The view from the Mori Art Museum. Zoom in.

Kyoto is even more of an expression of Japan’s meticulous attention to detail, in this instance focused on preserving its heritage. Kyoto has one of the highest concentrations of World Heritage sites anywhere, each temple and rock garden more splendid than the last.

Behind Kiyomizu-dera temple

Surprisingly, compared to China, very few Japanese dare to speak English, but overall I came away incredibly impressed with Japan and the wealthy cohesive society it has built in the post-war era. One more observation — they are some of the world’s best queuers:

Queueing, Tokyo style

This society-wide skill at playing positive-sum games will surely speed the rebuilding Japan now faces.

More Japan photos at Flickr. I also took a 360-degree panorama of Shibuya Crossing.

It was impossible not to make comparisons between Japan and China, and how their paths have diverged in the post-WWII era. If China’s leaders make no further mistakes in the next half century, then that country too will finally reach Japan’s standard of living, but not without first having to multiply productivity tenfold. Every Japanese worker is still 10 times as productive as their Chinese counterpart.

Belgium, Sweden In late December it was time for a family Christmas reunion in Belgium, followed by a move to Sweden in early January, where I am still officially a resident. After four years of living in three of the world’s most polluted megapolises (Cairo, Shanghai, Beijing) it was time to reacquaint myself with the fresh air, pure snow and clean tap water of the sub-Arctic… and to reconnect with good friends over a coffee in Stockholm cafés — something which no amount of Facebooking can replace.

Egypt Luckily I found a place to rent that had cable TV, because I would soon find myself glued to Al Jazeera, following the Arab revolutions. Having lived in Cairo, I had great sympathy for the Egyptians’ cause, and very much wished I could be there to see history in the making. The uprising was unexpected — during my time there in 2007-2009, every demonstration no matter how small would be roughly suppressed, and the Egyptians I knew were resigned to their fate. But the events in Tunisia were a psychological blow to the self-censorship of their courage, and that set in motion a process which led to victory over the Mubarak regime and the system that underpinned it.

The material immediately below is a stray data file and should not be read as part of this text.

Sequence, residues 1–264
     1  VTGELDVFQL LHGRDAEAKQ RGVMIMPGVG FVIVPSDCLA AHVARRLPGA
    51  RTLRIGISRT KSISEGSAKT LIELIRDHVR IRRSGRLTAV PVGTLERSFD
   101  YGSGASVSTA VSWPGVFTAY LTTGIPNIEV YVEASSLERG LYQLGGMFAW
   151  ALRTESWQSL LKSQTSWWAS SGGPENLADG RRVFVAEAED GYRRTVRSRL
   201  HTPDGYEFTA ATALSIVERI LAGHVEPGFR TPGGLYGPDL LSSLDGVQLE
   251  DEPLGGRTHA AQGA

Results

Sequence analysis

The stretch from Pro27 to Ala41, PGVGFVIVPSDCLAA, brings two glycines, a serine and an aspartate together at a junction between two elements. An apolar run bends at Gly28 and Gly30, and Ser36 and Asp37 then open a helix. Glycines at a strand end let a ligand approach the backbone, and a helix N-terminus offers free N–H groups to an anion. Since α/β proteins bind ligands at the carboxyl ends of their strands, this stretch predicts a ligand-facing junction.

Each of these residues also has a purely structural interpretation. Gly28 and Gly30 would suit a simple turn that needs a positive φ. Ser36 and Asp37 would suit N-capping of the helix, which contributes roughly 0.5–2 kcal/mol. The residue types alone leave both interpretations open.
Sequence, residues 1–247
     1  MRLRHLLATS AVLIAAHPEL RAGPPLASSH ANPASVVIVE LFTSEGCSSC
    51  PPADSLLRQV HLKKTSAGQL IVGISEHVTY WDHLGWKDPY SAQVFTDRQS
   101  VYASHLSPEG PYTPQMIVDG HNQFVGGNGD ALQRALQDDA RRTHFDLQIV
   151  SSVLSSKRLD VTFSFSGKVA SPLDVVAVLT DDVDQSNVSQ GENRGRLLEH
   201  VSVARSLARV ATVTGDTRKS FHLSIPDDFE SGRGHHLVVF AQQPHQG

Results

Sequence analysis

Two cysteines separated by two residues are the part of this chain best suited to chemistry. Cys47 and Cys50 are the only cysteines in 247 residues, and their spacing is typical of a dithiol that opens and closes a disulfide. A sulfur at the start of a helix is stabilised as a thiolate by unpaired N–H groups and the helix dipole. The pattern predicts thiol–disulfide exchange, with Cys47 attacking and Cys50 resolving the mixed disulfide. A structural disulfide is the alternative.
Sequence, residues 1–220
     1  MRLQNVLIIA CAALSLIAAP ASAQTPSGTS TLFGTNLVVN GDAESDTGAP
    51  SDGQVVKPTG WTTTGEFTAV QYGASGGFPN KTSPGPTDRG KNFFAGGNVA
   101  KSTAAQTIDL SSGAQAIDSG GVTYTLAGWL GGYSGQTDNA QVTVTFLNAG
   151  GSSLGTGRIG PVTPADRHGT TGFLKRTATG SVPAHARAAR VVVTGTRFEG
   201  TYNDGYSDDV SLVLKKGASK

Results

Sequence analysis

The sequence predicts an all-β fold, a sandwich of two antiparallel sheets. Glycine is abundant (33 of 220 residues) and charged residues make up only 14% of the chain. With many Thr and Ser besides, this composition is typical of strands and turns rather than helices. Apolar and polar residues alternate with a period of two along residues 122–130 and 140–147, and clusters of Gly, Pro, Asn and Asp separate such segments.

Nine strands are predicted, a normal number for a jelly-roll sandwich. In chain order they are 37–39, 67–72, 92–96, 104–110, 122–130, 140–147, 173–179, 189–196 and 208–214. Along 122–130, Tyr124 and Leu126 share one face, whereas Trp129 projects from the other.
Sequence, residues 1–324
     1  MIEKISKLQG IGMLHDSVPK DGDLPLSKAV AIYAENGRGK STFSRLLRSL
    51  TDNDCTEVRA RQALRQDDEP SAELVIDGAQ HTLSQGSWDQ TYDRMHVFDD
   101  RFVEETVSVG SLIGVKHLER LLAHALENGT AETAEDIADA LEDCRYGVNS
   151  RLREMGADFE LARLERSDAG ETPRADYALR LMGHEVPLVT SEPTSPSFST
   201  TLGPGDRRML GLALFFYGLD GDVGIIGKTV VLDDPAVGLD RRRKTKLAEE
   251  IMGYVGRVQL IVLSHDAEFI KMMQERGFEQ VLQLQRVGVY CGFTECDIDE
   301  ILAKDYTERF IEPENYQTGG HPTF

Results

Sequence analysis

By Friday February 11, Mubarak was gone. A few days later, there was news of a massive celebratory street party to be held the next Friday on Midan Tahrir. I and a friend booked my tickets immediately for a 48-hour trip to Cairo. In part, my motivation had to do with 1989, and my failed attempt then to head to Berlin as the Berlin Wall fell. This time, I would be there.

Obligatory photo op in front of a tank

The joy and hope and pride on the faces of Egyptians as they celebrated on February 18 is unforgettable. Over a million people descended on the square, and in the course of a day I saw perhaps just 10 other foreigners. Everyone was exceedingly friendly; we were frequently thanked for being there.

Midan Tahrir - 63 megapixel panorama

Here’s a video I made of the impressions of that day:

I also used my time to meet up with old friends, and to hear their stories of the previous weeks. See more photos from Egypt on Flickr.

London In early March, it was time for another visit to London, to stay with my sister and her husband, and their two great kids. Not to be missed in London right now: The Afghanistan exhibition at the British Museum, and Ai Weiwei’s 100 million sunflower seeds at the Tate Modern:

Ai Wei Wei's Sunflower seeds at the Tate Modern

I’m back in Sweden now, for once with no trips planned, and looking forward to spring.

2 thoughts on “Six months to March 2011

  1. Pingback: 2011: Q2, Q3, Q4 | BLOG@STEFANGEENS.COM